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Inside The CRB Decision With Kurt Hanson

While discussing copyright royalty rates with AccuRadio founder/CEO and RAIN publisher Kurt Hanson, he recalls a story from the ’30s when artists like Bing Crosby tried to prevent radio from playing their records by stamping the label with “Not licensed or authorized for radio airplay.” It seems artists at that time felt sales would be hurt by radio airplay.  When the courts nixed the labeling, radio stations started playing Bing Crosby records and it turns out he benefited rather than suffered from airplay as sales went through the roof.
     That story is just one in a myriad of battles for the control of music commerce. The latest front in this ongoing saga is being fought by webcasters after the Copyright Royalty Board (CRB) proposed higher royalty rates paid to musicians and record labels for streaming songs online. The rates are set to increase to $.0008 per-play for 2006 (retroactively), $.0011 for 2007, $.0014 in 2008, $.0018 in 2009 and $.0019 for 2010. These rates could shutter the majority of webcasting operations, including Internet-only broadcasters and commercial and public radio station streams alike.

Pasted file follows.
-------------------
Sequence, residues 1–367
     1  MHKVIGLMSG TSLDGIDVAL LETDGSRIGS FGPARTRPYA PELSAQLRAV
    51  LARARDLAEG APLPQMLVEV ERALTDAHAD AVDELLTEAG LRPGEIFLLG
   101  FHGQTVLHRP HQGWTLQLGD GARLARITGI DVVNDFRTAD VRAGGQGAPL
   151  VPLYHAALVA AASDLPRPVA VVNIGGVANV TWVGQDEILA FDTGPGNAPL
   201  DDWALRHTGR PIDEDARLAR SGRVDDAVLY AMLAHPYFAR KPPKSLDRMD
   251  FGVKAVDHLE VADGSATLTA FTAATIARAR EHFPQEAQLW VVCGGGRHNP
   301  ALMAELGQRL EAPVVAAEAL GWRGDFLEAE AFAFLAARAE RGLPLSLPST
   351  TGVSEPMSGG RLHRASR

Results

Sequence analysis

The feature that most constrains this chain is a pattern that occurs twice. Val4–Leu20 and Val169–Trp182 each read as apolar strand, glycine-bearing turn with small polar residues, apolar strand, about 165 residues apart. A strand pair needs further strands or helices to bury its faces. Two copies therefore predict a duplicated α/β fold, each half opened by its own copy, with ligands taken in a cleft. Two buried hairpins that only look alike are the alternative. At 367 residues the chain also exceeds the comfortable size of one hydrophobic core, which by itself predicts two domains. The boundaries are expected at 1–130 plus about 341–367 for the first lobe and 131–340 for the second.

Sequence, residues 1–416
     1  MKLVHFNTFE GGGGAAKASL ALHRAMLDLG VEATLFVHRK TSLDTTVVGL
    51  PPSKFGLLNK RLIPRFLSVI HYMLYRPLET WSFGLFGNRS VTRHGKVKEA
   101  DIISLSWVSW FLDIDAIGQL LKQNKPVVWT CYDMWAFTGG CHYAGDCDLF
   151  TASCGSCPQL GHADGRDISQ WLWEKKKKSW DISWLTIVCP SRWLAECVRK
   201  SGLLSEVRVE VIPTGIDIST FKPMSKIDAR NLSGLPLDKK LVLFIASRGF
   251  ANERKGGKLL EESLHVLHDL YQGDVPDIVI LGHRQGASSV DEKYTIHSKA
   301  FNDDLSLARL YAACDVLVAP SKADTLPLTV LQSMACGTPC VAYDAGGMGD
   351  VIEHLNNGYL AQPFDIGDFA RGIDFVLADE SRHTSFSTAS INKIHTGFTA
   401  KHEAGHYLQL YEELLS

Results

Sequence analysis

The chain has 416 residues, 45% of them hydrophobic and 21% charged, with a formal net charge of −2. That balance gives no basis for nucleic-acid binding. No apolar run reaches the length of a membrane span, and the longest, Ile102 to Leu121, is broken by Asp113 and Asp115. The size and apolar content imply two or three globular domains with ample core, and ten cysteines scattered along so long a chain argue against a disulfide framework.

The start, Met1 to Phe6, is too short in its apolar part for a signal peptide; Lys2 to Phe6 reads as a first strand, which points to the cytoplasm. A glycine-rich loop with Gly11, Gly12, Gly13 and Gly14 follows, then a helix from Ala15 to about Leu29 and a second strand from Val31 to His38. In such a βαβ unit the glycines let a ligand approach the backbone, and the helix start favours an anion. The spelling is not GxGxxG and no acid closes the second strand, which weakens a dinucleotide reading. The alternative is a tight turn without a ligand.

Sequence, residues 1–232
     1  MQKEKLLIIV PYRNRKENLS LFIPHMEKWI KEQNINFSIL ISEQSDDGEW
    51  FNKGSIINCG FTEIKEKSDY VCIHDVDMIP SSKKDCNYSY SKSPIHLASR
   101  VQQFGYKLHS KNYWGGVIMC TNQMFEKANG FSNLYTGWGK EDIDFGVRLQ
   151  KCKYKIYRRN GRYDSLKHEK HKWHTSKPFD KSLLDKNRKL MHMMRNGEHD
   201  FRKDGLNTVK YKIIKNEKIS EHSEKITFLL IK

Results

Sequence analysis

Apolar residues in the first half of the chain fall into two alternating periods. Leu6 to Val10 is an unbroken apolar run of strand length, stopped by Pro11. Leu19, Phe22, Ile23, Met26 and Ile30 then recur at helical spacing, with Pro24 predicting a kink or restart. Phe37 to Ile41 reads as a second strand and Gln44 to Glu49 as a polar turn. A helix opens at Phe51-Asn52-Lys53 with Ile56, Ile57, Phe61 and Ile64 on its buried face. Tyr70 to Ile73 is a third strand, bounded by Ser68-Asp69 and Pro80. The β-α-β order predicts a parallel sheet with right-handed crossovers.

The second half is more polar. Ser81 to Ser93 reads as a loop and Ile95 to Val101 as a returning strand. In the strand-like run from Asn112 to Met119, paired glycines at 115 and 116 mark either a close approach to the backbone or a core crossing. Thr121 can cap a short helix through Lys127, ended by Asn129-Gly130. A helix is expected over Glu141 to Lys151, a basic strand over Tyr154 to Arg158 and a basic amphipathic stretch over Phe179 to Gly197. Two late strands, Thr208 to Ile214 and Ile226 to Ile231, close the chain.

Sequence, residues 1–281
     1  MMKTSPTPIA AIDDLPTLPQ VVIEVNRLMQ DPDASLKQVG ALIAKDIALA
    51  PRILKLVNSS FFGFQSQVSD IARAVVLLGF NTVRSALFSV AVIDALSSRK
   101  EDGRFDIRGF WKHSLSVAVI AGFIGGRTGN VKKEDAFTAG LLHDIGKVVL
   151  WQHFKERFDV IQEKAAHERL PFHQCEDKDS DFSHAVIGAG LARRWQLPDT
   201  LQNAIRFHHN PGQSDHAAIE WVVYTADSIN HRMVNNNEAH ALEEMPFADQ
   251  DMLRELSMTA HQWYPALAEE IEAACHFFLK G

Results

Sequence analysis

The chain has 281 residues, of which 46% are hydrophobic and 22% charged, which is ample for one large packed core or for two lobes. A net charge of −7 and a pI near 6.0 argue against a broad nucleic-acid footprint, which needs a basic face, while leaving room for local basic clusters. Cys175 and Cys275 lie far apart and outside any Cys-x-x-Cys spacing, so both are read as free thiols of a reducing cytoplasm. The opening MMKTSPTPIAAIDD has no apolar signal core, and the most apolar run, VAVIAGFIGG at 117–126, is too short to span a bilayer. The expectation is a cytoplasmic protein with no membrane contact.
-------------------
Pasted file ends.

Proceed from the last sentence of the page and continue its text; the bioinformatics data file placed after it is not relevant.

After petitions and pressure from NPR and other broadcasting organizations, the CRB agreed to grant motions for a possible rehearing over the new royalty rates. Those motions were turned in earlier this week (4/2) and the interested parties await the CRB’s next move, which carries no guarantee that a rehearing will be held.
     For insight into the CRB’s decision,
FMQB turned to Hanson and his deep expertise with webcasting.

What are the basic implications of the CRB’s proposed royalty rates for radio?
The implications of this are possibly fatal for Internet radio as an industry. For the independent, commercial operators like Pandora or even my own we were eligible during 2005 to pay a royalty based on a percentage of revenue.  We paid about five-percent of our revenue in the composer royalty and about twelve-percent of our revenues to Sound Exchange for the sound recordings royalty. So on $400,000 in revenues, we paid Sound Exchange about $48,000.  Under the judges’ decision four weeks ago, we owe $600,000 for 2006, so it absolutely bankrupts us and will force us to shut down.  And that’s true for almost everyone who’s a standalone webcaster and may also be true for terrestrial streams. It will be tough, if not impossible, to get enough money from advertisers to hit the necessary numbers anytime this decade, which means [terrestrial] broadcasters may pull their streams out as well.